Home > Uncategorized > I Ask Once More: Will The Children Lead Us Again?

I Ask Once More: Will The Children Lead Us Again?

April 17, 2018

As noted in earlier posts, I am on a vacation away from the internet and so I am re-publishing some posts on “guns in school” from years past… in part to keep the webpage “alive” in my absence, but, as is true in this case, to illustrate ideas that made sense in 2013 are sensible even now. Posts on this topic will continue through April 20 when the marches marking the anniversary of Columbine are scheduled. This post appeared in December 2014: 

Four years ago my wife and I volunteered to chaperone a Habitat for Humanity trip to Birmingham AL sponsored by our local HS. While we were on the trip we had an opportunity to visit the Civil Rights Museum in that city where I learned– or was reminded– that teenagers played a critical role in the Civil Rights movement. It hit me that while I was worried about whether our HS would win the league basketball championship and I was debating the merits of the Beatles vs. the Stones with my classmates my African American counterparts in Birmingham were leaving their classrooms to protest racial injustice. While I was acting in the school play and planning for events with our church’s youth fellowship my African American counterparts in Birmingham were subjecting themselves to high-powered hoses, German Shepherds, police with nightsticks, and nights in jail.

In earlier posts I’ve expressed my dismay over the way we are treating our students today out of “concern for their safety”. While we are not concerned with their safety enough to control the proliferation of guns, we ARE willing to subject them to surveillance while they are in school, to screening before they enter school, and to the collection of data on them 24/7. For all intents and purposes public school students today are being raised in a police state and the adults in our country seem to go along with it… but maybe some of the recent events in our country are bringing this reality to light and might serve as a catalyst for change.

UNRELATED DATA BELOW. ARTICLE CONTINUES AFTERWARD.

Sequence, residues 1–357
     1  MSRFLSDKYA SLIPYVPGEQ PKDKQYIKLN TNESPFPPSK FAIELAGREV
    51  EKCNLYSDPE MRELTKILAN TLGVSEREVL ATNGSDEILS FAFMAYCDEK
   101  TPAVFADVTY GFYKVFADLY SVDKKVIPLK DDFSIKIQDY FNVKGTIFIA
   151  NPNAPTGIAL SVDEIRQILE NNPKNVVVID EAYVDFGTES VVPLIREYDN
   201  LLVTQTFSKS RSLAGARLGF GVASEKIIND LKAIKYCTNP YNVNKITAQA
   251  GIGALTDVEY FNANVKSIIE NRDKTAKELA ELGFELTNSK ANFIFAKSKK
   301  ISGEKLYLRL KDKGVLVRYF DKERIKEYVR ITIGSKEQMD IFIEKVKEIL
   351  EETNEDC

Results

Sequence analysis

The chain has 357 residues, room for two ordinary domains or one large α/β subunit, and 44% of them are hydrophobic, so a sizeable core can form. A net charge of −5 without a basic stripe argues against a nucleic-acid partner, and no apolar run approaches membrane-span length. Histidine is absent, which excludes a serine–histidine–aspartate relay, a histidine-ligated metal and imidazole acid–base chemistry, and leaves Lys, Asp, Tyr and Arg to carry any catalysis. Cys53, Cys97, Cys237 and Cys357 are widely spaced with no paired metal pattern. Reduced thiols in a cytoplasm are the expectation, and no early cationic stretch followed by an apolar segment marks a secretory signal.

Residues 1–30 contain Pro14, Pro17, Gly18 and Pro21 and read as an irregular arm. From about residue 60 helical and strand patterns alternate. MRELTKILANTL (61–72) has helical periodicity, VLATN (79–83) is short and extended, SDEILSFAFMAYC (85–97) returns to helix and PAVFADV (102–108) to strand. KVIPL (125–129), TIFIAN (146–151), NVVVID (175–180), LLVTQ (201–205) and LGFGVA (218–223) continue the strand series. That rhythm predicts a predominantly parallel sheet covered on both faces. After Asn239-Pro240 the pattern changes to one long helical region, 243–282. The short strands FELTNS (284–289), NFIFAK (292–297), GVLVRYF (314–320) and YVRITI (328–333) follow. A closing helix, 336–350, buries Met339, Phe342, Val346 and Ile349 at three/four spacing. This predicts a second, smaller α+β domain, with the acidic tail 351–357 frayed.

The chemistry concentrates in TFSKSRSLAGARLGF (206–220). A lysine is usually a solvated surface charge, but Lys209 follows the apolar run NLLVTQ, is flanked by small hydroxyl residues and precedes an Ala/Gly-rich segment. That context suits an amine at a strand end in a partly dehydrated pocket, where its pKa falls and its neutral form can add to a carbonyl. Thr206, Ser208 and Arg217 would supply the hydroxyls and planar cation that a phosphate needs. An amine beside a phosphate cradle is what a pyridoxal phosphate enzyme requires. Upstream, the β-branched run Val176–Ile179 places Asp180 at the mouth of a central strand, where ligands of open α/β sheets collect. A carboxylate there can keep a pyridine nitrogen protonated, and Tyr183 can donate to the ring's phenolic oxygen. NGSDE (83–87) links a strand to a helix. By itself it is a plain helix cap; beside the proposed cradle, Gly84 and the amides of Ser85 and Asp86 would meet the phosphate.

The grand jury decisions involving Michael Brown and Eric Garner are incomprehensible to me and to many Americans… and to many youngsters attending public schools in Denver CO. Their local NBC affiliate reported on the third day of walkouts in Denver schools, listing 16 schools that participated. In this day and age of Facebook and YouTube I wonder if this kind of protest go viral? And if it does, will the police react with the same kind of force they displayed in Alabama in the 1960s? And if it does, will the adults in our country pay attention to   the concerns of the children who are beginning to realize that they are growing up in a police state? And if we DO see what we are doing to our children, do we have the faith in our government and the faith in each other to take out the cameras in schools? To question the madness of encouraging everyone to arm themselves for personal protection? To re-open the doors of our public institutions without metal detectors? And to respect law enforcement officers so they do not feel the need to outfit themselves with modern armaments?

I support the peaceful demonstrations by students and would encourage schools to seize the opportunity to teach children NOW about the need for them to trust each other and the need for us— the adults in their world— to begin dissembling the police state we have created for them.

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